ACAB and 1312 is an anti-police acronym, and catchphrase meaning All Cops Are Bastards. It is often found in graffiti, tattoos, and other graphic imagery. Today, it is widely used to express protests against unethical police behavior. It can be found on many walls in the forms of slogans in graffiti, like tattoos, and another graphic, which has the main goal of showing antipathy against law enforcement and police.
The first appearing of this acronym in public was in 1977 when a Newcastle journalist spent the night in prison. Eric Partridge documented the ACAB acronym written on prison walls. He published the book “The Dictionary of Catchphrases,” where it is written that the acronym is from the early 1970th and can’t be older until the full meaning of words coming from 1920. British punk band the 4 Skins populated the acronym ACAB through their song with the same name during the 1980′.
Partridge first heard the phrase in the 1920s as part of the song: “I’ll sing you a song, it’s not very long: all coppers are bastards.”
According to his knowledge, the phrase had existed throughout the 20th century and had been used “among professional criminals and crooks, for at least a generation before.”
Since then, A.C.A.B. is an abbreviation for “All Cop[per]s Are Bastards.”
What is ACAB?
The catchphrase is often integrated into prison tattoos in the United Kingdom apropos Great Britain. It’s often written on fist, finger by finger, and sometimes like small dots on every finger. In modern politics, all sides using the acronym A.C.A.B. like “All Cops Are Bastards.” It’s mostly used in the world of football fans worldwide.
Using the acronym, as we mentioned, is most popular in the world of sports fans, especially football ones and their ULTRAS culture. It’s not weird to see graffiti, t-shirts, transparent and other equipment of football hooligan “decorated” with these symbols and acronyms. It’s their way of showing their anger against police and law enforcement.
What is 1312?
In past years, the publishing of ACAB in public in many countries was forbidden by law, so football fans created an alternative. The new synonym 1312 means the same as ACAB, which was a way to override laws in some countries. 1312 means that every number is one letter (1312=A.C.A.B., ACAB, where 1 stands for A, 3 stands for C, 1 stand for A, and 2 stands for B what fits the letters from the English alphabet).
Today, in most countries in Europe, publishing these symbols is forbidden by law and punishable as a minor offense because it’s recognized as inappropriate behavior and abetment of riots. You may also find answers to similar questions in our FAQ section.
From London to the United States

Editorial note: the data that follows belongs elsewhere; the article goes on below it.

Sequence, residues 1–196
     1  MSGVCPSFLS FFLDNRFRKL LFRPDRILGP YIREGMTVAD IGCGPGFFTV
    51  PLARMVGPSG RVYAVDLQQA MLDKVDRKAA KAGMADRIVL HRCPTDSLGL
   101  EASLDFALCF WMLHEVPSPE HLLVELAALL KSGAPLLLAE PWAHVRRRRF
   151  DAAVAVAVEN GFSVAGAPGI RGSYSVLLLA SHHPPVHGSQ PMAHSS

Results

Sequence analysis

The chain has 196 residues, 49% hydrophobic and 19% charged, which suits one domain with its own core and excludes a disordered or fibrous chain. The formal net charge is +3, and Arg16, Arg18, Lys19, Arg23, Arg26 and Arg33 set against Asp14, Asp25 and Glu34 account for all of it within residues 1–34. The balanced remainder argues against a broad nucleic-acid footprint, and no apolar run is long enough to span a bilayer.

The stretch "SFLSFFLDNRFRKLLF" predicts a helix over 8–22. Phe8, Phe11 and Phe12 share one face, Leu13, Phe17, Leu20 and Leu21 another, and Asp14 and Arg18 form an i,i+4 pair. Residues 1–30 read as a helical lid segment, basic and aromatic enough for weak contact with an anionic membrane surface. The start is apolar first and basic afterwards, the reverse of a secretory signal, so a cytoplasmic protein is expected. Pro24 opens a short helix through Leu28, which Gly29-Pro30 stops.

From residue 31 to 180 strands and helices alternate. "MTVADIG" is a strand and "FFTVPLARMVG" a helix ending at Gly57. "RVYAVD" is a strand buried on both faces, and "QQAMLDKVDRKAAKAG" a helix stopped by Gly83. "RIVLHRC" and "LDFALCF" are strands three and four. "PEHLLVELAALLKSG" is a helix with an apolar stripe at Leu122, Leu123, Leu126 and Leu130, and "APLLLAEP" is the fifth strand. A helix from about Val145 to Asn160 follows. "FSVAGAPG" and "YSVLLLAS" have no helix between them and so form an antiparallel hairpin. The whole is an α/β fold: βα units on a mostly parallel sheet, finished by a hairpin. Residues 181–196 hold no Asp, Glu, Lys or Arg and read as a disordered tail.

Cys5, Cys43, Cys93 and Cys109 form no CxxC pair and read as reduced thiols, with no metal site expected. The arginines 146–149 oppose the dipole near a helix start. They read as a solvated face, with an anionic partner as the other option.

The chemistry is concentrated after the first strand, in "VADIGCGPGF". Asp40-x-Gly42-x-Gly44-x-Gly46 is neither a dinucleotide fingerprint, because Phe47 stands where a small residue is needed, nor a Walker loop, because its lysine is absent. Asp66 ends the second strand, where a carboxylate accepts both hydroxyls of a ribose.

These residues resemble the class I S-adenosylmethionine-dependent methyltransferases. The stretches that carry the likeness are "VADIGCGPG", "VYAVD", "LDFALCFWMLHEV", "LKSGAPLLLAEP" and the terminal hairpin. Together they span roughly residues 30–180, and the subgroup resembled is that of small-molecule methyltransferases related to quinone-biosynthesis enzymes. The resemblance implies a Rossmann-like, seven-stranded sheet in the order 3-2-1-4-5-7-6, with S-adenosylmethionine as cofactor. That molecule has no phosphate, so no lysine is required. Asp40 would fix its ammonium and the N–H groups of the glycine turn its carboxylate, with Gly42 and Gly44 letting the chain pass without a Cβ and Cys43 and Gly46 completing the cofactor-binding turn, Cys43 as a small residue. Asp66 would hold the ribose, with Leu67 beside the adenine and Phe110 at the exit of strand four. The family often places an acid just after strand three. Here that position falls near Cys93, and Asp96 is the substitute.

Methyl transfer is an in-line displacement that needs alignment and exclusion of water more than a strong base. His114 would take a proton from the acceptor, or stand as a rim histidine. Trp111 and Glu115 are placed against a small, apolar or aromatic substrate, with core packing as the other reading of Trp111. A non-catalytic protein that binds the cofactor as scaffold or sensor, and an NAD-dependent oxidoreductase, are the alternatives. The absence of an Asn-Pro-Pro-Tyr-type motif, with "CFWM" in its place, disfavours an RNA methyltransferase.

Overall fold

In 2020, the phrase was again populated after the incidents around the globe. From protests in America to graffiti daubed on the Winston Churchill statue in London, the phrase found its way to the public. After the public outrage and a wave of anger at police brutality following George Floyd’s killing in the mid-2020, the four-letter phrase was brought to the wider public reach in the United States.
In the wake of the George Floyd case (police officer Derek Chauvin killed George Floyd), the term A.C.A.B. became more frequently used by those who oppose the police. During the mass protests, it was one of the main slogans used by protesters, and it was more frequently referenced on social media, and products bearing the acronym became available. It also involved 1312 slogans, which subsequently means the same as the A.C.A.B.
Four simple words or numbers (in the case of 1312) are all the protesters need to show their disdain for centuries of brutality and political persecution accumulated through the time. It has become the universal anti-police slogan used worldwide, no matter the political background or the language spoken.
Not everyone is killer, corrupt, bad. Generalizations of everything are what started all the problems. Just like when some people said all black people are bad, All Mexicans are illegal, all Asians are bad drivers, All Muslims are extremists. Police brutality is a huge issue that needs to be dealt with as soon as possible, but I don’t think calling every cop a bastard just for having the same job as someone who did an awful thing isn’t a good way of expressing our feelings.
There are only a few of them that do horrible things. Still, there are also honest, hardworking, and dedicated people aside from the stereotypes and name-calling that have been attached to one’s race, profession, nationality, and religion. Each own merits and actions should judge each individual. Not everyone is their brother’s keeper. You should give everyone the benefit of the doubt and do not assume.
Anger and aggression create more anger and aggression, and when people have too many of those things, they tend to release them on other people. Do we really want a bunch of stressed-out, angry cops driving around getting called a bastard by everyone and taking all of those pent-up emotions on the people they interact with?
ACAB is just another form of discrimination that is very similar to racism. I’m not justifying racism, but hating cops just because the minority are bad people doesn’t justify discrimination. People say that they’re all bad people because they bow down to a “corrupt” system, but that’s kind of a dumb complaint as cops can’t be expected to look at every single flaw with their system. These people need the money, and the fact that they’re willing to risk their lives to save these people goes underappreciated.
I’m tired of seeing this constant hate for these cops as they have one of the most important jobs in the world. If it weren’t for them, robberies would be much more common, and crime would exist all over the place. Of course, not all cops are great people, but they contribute so much that should not go unnoticed just because of some bad cops. It is important not to fight hate with hate as that just causes more problems.